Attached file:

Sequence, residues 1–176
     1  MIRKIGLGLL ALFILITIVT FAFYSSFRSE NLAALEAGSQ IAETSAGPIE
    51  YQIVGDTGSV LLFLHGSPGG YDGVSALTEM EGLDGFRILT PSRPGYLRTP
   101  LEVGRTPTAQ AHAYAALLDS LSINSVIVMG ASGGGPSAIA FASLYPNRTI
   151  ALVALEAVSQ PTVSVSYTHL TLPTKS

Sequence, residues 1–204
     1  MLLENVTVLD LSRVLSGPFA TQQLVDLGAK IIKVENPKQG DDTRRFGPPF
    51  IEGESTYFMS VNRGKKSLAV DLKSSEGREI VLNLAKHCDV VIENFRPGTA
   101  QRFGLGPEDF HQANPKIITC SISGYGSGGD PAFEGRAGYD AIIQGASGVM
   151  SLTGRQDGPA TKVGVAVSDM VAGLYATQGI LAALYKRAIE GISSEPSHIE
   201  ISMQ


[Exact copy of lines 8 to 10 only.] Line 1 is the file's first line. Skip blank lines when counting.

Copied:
    51  IEGESTYFMS VNRGKKSLAV DLKSSEGREI VLNLAKHCDV VIENFRPGTA
   101  QRFGLGPEDF HQANPKIITC SISGYGSGGD PAFEGRAGYD AIIQGASGVM
   151  SLTGRQDGPA TKVGVAVSDM VAGLYATQGI LAALYKRAIE GISSEPSHIE